The 19th story about our renovation appeared in today’s paper.
FITS AND STARTS FOR MID-CITY REBUILD
Saturday, May 05, 2007
By Stephanie Bruno
NOTE: Bart Everson and Christy Paxson have been living upstairs in their raised-basement house since Hurricane Katrina, while repair work progresses (occasionally) in their downstairs entertainment area. Recently, it hasn’t been lack of progress on the renovation that concerns them, but lack of repopulation and stability in their Mid-City neighborhood.
Crews are making progress on Bart Everson’s Mid-City home, though the work has been anything but steady. “We’ll have workers for a day or two, sometimes even a few consecutive days,” Everson said. “Then they’re gone for a while until they appear again.”
A similar situation would rankle many others, but Everson says the on-again, off-again pace of the project conforms with an unspoken agreement that he and his wife, Christy Paxson, have with contractor Mike Kaplan.
“Mike fits us in between pressing jobs at other locations,” Everson said. “We’re the lucky ones, because we have a place to live. Christy and I have been able to live upstairs in relative comfort because just our basement flooded. But we know that many of Mike’s clients weren’t so lucky. We’re OK with him fitting us in between jobs for others with more urgent needs.”
“Relative comfort” got even better a few months ago when Kaplan’s crews rewired all of the ceiling fixtures upstairs in the house, replacing knob-and-tube wiring.
“To make it safe after the storm, Mike had deactivated all of the old knob-and-tube, so all we had for more than a year was base outlets. Let me tell you, it was pretty dark in some areas upstairs.” Now fixtures are back in place, and the upstairs living area is illuminated again.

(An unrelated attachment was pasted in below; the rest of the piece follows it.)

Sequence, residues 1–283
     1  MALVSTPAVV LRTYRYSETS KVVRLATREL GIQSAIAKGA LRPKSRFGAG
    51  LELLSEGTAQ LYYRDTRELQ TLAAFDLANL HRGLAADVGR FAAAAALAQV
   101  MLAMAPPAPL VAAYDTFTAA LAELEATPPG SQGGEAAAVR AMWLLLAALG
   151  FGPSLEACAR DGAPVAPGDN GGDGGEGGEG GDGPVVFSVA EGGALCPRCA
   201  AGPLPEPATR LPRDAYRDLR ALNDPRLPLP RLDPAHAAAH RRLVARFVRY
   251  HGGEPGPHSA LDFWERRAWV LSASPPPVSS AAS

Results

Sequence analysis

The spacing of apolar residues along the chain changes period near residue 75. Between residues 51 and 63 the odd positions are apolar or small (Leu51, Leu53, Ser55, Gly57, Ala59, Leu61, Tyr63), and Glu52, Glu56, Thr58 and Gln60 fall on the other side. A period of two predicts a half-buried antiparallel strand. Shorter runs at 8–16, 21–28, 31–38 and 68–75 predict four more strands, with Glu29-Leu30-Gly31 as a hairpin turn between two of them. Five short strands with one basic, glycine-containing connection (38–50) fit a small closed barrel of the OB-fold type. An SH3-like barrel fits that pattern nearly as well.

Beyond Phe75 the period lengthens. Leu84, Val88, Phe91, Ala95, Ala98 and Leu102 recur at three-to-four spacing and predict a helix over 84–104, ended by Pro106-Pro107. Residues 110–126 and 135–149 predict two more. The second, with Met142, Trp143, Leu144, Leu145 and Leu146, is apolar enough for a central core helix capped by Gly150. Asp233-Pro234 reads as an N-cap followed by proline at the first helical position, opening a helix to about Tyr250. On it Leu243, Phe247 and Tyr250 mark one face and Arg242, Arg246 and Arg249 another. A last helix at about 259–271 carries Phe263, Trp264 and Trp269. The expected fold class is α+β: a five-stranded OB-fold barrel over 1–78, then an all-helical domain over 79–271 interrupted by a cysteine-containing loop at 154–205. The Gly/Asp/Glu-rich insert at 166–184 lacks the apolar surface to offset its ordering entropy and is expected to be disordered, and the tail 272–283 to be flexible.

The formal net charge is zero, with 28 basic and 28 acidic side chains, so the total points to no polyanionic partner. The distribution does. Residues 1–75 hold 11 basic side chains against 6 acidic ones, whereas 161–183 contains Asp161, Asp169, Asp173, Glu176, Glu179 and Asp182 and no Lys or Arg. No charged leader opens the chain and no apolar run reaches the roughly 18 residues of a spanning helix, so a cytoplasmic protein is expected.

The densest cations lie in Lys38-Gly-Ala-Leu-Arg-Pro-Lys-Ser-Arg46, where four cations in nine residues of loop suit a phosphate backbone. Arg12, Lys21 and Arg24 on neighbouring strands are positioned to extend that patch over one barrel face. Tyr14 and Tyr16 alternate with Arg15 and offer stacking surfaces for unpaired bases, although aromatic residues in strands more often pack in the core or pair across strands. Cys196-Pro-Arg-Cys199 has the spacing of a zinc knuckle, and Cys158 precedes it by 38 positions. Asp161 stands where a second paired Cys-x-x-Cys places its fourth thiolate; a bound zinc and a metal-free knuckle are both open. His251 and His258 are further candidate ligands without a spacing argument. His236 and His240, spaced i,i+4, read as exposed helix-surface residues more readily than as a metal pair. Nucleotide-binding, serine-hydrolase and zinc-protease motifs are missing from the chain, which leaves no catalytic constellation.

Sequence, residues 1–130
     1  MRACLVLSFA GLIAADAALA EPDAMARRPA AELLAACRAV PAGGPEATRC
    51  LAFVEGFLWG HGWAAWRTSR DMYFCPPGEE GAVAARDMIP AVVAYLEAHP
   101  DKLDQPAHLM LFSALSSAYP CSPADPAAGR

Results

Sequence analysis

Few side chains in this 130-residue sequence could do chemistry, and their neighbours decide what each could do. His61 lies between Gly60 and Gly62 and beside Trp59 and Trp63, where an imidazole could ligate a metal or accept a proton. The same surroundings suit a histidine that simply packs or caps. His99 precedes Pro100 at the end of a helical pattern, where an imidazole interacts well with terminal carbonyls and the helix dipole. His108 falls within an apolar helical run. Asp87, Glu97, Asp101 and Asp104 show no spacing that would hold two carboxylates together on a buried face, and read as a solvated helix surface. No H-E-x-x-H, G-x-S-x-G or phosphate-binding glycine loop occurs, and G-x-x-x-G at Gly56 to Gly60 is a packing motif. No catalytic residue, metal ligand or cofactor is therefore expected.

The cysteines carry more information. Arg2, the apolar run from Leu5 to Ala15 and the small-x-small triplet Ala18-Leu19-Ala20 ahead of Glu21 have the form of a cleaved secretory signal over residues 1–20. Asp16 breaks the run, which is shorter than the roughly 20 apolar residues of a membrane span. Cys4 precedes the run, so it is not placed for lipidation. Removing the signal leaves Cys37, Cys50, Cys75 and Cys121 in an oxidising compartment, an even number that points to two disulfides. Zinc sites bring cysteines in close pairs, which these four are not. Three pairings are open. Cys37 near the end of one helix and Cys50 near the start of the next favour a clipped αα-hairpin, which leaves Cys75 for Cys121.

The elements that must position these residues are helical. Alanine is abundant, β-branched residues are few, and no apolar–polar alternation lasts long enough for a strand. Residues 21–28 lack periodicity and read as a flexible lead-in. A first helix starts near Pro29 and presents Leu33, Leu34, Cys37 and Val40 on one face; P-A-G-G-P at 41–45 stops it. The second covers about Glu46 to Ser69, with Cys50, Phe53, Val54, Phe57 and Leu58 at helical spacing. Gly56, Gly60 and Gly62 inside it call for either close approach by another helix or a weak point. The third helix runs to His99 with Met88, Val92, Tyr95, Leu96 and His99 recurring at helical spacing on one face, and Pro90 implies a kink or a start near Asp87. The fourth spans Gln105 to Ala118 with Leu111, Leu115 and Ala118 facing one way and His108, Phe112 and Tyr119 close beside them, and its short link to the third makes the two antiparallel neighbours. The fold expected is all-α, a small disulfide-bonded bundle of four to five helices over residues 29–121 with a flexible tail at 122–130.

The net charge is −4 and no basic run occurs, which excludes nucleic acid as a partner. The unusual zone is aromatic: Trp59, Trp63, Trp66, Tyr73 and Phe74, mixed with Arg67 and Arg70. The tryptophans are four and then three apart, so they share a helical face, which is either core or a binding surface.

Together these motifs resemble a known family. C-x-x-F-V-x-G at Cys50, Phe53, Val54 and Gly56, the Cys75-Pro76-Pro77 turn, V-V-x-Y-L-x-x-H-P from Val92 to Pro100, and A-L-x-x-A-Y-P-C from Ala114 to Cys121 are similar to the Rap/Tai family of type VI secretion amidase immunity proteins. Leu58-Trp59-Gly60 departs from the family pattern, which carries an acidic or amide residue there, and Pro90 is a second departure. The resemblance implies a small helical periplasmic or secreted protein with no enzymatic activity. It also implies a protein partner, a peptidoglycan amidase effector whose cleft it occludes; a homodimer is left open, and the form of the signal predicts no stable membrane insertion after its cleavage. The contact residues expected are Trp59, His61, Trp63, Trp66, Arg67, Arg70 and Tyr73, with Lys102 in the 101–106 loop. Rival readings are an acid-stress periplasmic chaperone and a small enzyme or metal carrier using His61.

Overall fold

As patient as Everson has been, he is eager to see one wiring job completed.
“It’s getting hot out there, you know? We have a whole-house fan that has been out of commission while the repairs are under way, and we used that thing all the time. It draws air through the whole house, and you know what that does: It makes it feel cooler than it is. Most years, we could make it to June 1 without turning on the air conditioner, but this week, the first of May, we had to turn it on, because the fan isn’t back in yet.”
If progress at Everson’s home has been erratic, it has been almost imperceptible in his area of the Mid-City neighborhood. Everson says the rate of repopulation seems to have tapered off, and he is concerned about the seemingly constant turnover in residents.
“Christy and I were alone here, in the dark, after the storm. Eventually there were a few more people, but not the renters who were living here before — new ones. That continued for a while, but now it feels like as soon as you get to know someone, they move on. Sometimes they say their landlords won’t fix problems and that they deserve better for the high rents they are paying.”
Others may be concerned about crime, which recently hit close to home.
“There was a lot of commotion outside, and we discovered a policewoman taking umpteen photos, with spare change and some drops of blood scattered on the ground. The policewoman said it had been a robbery, and someone else said it was a fight between four guys who had jumped another guy. Was it random or did they know each other? We don’t know, but it was discouraging.”
Sometimes Everson worries that the desolation in his neighborhood may be affecting him more deeply.
“I’m concerned that the situation here is changing me in ways I don’t want to change. Some people seem to be moving on, trying to start the next phase of their lives, falling in love, that kind of thing. But I wake up every morning and look around and am constantly reminded that we need to work harder and do more to bring the city back.”
Everson will get some relief — as well as useful instruction — when he attends a leadership conference in June at Harvard’s Kennedy School of Government.
“Three of us from New Orleans are going: LaToya Cantrell from Broadmoor, Patricia Jones from the Lower 9th Ward and I’m from Mid-City,” he said. “I never thought of myself as a leader, so I even had to look up the word to find out what it was supposed to mean.”
Thanks to assignments designed to prepare participants for the conference, Everson said he is already gaining new insights.
“They’re piling on the homework,” he said. “I already have a book to read, an essay to write and a survey to complete beforehand. The book (“Leadership on the Line” by Ronald L. Heifetz and Marty Linsky) explains how authority and leadership are often confused for one another, but that they are not the same thing. And it explores what happens when leadership fails.
“The whole time you’re reading it, you can’t help thinking about New Orleans. It’s as if the book was written about us.”
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Stephanie Bruno can be reached at [email protected]